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Frequently Asked Questions

1. Does the ADA apply to State and local governments?
2. What employees are covered by the ADA?
3. What practices and activities are covered by the employment nondiscrimination requirements?
4. How does the ADA affect participation in a State or local government’s programs, activities, and services?
5. What changes must a public entity make to its existing facilities to make them accessible?
6. How will ADA’s requirements for State and local governments be enforced?
7. How do I file a complaint of discrimination with DHMH regarding denial of equal opportunity in accommodations and employment under ADA?
8. What kinds of auxiliary aids and services are required by the ADA to ensure effective communication with individuals with hearing or vision impairments?
9. Does the requirement for effective communication mean that a program put all of its documents in Braille?

1. Does the ADA apply to State and local governments?
Yes, ADA applies to all State and local governments, their departments and agencies, and any other instrumentalities or special purpose districts of State or local governments.

2. What employees are covered by the ADA?

The employment provisions apply to private employers, State and local governments, employment agencies, labor unions, and educational institutions.

3. What practices and activities are covered by the employment nondiscrimination requirements?

The ADA prohibits discrimination in employment practices, including the job application process, hiring, firing, advancement, compensation, training, and other terms, conditions, and privileges of employment. It also applies to recruitment, advertising, tenure, layoff, leave, fringe benefits, and all other, employment-related activities.

4. How does the ADA affect participation in a State or local government’s programs, activities, and services?

A State or local government must eliminate any eligibility criteria for participation in programs, activities, and services that screen out persons with disabilities, unless it can establish that the requirements are necessary for the provision of the service, program, or activity.

5. What changes must a public entity make to its existing facilities to make them accessible?

A public entity must ensure that individuals are not excluded from services, programs, and activities because existing buildings are inaccessible. A State or local government’s programs must be readily accessible to and usable by individuals with disabilities.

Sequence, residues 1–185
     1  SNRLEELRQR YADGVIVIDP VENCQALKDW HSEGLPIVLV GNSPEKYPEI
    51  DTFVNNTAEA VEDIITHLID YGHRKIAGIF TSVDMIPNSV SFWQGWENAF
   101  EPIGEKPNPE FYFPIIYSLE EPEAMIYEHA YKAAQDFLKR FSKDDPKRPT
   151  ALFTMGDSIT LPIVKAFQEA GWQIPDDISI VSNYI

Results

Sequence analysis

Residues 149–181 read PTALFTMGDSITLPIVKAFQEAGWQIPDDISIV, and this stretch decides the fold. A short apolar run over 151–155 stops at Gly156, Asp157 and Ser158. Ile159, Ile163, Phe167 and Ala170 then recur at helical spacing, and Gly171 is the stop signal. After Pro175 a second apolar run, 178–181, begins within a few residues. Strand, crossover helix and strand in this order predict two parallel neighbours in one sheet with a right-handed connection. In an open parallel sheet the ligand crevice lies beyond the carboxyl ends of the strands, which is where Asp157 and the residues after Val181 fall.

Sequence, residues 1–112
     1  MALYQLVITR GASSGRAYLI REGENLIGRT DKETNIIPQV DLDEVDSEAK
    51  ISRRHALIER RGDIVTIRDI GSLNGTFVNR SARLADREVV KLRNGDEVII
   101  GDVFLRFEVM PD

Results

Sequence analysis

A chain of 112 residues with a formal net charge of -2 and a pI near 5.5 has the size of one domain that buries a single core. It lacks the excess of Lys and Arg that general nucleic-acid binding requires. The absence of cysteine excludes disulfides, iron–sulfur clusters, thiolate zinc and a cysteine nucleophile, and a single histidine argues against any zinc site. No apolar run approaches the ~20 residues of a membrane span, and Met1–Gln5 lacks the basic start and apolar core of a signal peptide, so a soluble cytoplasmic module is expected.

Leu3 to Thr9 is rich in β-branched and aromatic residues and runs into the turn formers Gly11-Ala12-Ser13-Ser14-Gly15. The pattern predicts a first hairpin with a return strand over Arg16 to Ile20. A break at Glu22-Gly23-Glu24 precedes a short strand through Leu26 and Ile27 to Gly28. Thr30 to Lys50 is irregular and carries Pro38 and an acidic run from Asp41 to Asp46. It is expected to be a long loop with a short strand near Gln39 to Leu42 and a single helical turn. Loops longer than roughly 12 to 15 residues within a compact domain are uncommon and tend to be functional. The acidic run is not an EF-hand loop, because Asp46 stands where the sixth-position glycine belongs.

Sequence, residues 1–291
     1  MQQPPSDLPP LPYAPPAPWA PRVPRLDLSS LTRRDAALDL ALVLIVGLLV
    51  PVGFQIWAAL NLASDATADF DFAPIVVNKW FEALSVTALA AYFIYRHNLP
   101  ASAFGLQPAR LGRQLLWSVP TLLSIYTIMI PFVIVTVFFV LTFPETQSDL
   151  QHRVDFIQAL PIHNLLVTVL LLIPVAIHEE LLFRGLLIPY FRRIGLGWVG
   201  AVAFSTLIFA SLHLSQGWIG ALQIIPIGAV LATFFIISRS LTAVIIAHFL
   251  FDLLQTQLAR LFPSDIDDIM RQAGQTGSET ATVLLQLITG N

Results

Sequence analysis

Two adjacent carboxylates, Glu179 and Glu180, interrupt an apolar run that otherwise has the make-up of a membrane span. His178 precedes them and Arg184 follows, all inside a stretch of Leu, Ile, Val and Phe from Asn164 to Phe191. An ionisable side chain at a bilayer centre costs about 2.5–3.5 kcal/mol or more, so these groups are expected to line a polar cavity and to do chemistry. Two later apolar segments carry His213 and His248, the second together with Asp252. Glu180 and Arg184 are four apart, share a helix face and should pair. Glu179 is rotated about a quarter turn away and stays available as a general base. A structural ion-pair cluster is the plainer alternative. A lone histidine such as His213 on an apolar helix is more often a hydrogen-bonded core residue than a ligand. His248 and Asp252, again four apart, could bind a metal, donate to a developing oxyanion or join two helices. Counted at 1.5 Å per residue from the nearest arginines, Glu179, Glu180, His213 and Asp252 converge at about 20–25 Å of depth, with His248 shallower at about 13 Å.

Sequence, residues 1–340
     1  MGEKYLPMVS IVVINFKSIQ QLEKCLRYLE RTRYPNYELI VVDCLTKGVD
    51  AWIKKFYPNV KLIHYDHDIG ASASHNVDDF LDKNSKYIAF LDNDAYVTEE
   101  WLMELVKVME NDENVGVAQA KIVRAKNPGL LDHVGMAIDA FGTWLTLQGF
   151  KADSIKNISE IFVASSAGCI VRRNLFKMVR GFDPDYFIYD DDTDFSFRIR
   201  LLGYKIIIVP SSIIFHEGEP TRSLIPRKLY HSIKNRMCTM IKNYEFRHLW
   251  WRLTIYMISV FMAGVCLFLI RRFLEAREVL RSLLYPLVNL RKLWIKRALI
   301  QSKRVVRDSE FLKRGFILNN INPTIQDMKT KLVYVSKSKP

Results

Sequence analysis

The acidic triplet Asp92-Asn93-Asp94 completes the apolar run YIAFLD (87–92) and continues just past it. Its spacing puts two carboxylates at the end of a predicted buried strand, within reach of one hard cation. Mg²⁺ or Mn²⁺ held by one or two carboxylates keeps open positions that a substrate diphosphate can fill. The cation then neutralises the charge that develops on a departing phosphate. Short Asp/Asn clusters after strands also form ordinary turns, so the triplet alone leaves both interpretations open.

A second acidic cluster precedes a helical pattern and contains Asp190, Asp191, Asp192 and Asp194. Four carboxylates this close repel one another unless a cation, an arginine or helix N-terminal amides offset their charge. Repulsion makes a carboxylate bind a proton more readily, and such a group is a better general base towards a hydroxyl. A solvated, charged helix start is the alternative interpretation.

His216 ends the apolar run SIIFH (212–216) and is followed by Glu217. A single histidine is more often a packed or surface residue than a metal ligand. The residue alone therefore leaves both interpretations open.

6. How will ADA’s requirements for State and local governments be enforced?

Private individuals may bring lawsuits to enforce their rights under Title II, and may receive the same remedies as those provided under Section 504 of the Rehabilitation Act of 1973, including reasonable attorney's fees.

7. How do I file a complaint of discrimination with DHMH regarding denial of equal opportunity in accommodations and employment under ADA?

If you believe you have been denied equal opportunity by DHMH because of your disability, you can file a complaint within 180 days of the alleged act of discrimination. A complaint can be filed in several ways:

•By writing the ADA Coordinator, DHMH, Office of Equal Opportunity Programs, 201 W. Preston Street, 5th Floor, Baltimore, Maryland 21201 or by calling (410) 767-6600 voice, or the Maryland Relay 711 or 1-800-735-2258 TDD
•By filing an administrative complaint with the U.S. Equal Opportunity Commission (EEOC) by calling toll-free 1-800-669-4000 voice or 1-800-800-3302 TDD
•By writing to the U.S. Department of Health and Human Services, Office for Civil Rights, 330 Independence Ave., SW, Washington, DC 20201
•By writing to the Coordination and Review Section, Civil Rights Division, U.S. Department of Justice, 950 Pennsylvania Ave., NW, Washington, DC 20530
•By filing suit in the local Federal court.

8. What kinds of auxiliary aids and services are required by the ADA to ensure effective
communication with individuals with hearing or vision impairments?

Appropriate auxiliary aids and services may include services and devices, such as, qualified interpreters, assistive listening devices, notetakers, and written materials for individuals with hearing impairments; and qualified readers, taped texts, and brailed or large print materials for individuals with vision impairments.

9. Does the requirement for effective communication mean that a program put all of its documents in Braille?

Braille is not a required format for all documents. A public entity must ensure that its communications with individuals with disabilities are as effective as communications with others.
A public entity is required to make available appropriate auxiliary aids and services where necessary to ensure effective communication.

Examples of auxiliary aids and services that benefit various individuals with vision impairments include magnifying lenses, qualified readers, taped texts, audio recordings, Brailed materials, large print materials, or assistance in locating items.

The type of auxiliary aid or service necessary to ensure effective communication will vary in accordance with the length and complexity of the communication involved. For example, for individuals with vision impairments, employees can often provide oral directions or read written instructions.